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Dear Penny: My dad died and left me $500,000. Do I have to pay taxes on it?

The taxes you’ll owe on your inheritance will be minimal, as estate/inheritance taxes are designed to be.
 
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Published Dec. 8, 2023

Dear Penny,

My father died in Texas and left me approximately $500,000 after settling the estate. I am a resident of Pennsylvania. Is there any way to avoid having to pay taxes on my inheritance?

— Drowning in the Gravy Train

Dana Miranda is a Certified Educator in Personal Finance® and contributor to The Penny Hoarder. Send your tricky money questions to AskPenny@thepennyhoarder.com.
Dana Miranda is a Certified Educator in Personal Finance® and contributor to The Penny Hoarder. Send your tricky money questions to AskPenny@thepennyhoarder.com. [ The Penny Hoarder ]

Dear Drowning,

You can’t avoid duly owed taxes without illegal tax evasion. But the taxes you’ll owe on your inheritance will be minimal, as estate/inheritance taxes are designed to be.

When considering whether an inheritance is taxable, you have to consider a few types of taxes:

  • Income tax.
  • Federal estate tax.
  • State inheritance tax.

Income tax is the amount you owe on money coming in — that’s what you report on a tax return each year. The IRS and the Pennsylvania Department of Revenue (DOR) both exclude inherited money or assets from taxable income. So you won’t owe income tax, usually the highest-rate tax you’ll pay, on this inheritance.

If you inherited income-generating assets, like property or investment accounts, you’ll have to start reporting any money you earn from those as income going forward.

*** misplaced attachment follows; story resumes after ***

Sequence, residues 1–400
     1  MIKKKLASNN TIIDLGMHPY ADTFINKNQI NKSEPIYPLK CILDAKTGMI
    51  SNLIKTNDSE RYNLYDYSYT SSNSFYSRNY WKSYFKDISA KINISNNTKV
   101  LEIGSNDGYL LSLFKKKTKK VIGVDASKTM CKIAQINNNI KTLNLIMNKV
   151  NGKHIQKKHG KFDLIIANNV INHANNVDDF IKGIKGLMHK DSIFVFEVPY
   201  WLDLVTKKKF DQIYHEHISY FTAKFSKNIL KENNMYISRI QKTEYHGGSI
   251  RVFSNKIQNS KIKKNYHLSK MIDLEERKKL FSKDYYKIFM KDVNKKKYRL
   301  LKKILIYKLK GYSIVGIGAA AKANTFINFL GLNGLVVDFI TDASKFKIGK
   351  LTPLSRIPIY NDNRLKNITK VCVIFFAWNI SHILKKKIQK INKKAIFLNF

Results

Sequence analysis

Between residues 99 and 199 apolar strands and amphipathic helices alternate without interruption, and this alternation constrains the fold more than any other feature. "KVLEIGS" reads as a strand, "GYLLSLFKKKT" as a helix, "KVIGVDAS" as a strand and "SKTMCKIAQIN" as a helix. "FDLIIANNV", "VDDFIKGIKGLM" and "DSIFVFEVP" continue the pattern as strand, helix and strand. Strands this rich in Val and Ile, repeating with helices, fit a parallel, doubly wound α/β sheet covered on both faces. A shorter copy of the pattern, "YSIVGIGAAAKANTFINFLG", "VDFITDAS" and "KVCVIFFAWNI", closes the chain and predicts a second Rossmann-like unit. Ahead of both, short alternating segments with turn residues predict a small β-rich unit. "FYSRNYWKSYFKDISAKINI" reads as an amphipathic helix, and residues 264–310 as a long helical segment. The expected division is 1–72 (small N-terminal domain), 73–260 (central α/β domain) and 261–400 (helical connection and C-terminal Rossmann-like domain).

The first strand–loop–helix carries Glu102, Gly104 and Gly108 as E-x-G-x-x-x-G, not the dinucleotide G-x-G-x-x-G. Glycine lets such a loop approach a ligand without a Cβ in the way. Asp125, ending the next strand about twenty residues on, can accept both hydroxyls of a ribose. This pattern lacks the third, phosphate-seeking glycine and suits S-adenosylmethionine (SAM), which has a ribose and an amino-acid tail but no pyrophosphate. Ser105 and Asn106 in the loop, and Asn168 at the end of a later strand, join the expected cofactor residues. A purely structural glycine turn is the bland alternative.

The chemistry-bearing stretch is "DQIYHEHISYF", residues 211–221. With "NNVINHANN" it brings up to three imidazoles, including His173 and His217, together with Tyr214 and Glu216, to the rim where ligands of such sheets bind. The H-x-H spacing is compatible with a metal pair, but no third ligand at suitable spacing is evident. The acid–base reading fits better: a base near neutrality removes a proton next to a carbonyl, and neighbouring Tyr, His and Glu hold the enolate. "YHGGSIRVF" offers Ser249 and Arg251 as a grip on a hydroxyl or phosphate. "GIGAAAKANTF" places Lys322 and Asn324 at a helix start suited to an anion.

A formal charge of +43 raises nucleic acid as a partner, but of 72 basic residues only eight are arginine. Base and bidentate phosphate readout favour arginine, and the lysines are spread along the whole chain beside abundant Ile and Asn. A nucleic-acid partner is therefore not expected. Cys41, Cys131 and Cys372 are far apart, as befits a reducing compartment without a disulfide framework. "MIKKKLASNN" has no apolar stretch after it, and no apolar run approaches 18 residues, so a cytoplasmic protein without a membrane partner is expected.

The estate tax is a payment the federal government levies against the estate, not the recipient. That means it’s removed from the amount you’d inherit before you inherit it, and you don’t have to report it personally. But the IRS only levies this tax on estates worth millions of dollars — the cutoff is $12,920,000 for 2023. So you won’t owe that, either.

An inheritance tax is a tax a few states collect from the person who inherits money, assets or property. Pennsylvania is one of these states, and the tax rate depends on your relationship to the person who died. As a direct descendent to your father, your tax rate is 4.5%, or $22,500 of a $500,000 net inheritance. (It would be less if you still have to account for deductions, including debt and estate administration.) You’ll get a 5% discount ($1,125 based on the payment above) if you pay within three months, but you can set up a payment plan with the DOR if you’re unable or don’t want to pay the full amount at once.

Some inheritance is exempt from the Pennsylvania inheritance tax. Any farm land included might be exempt, and the entire estate is exempt if your father died as a result of injury or illness received while on active duty in the military.

A financial planner and tax preparer in your state can help with questions about your unique inheritance, and you can use the IRS’s interactive tax assistant to determine whether it considers your inheritance taxable. Find that at irs.gov/help/ita under “Is the Inheritance I Received Taxable?”.

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Dana Miranda is a Certified Educator in Personal Finance® and contributor to The Penny Hoarder. Send your tricky money questions to AskPenny@thepennyhoarder.com.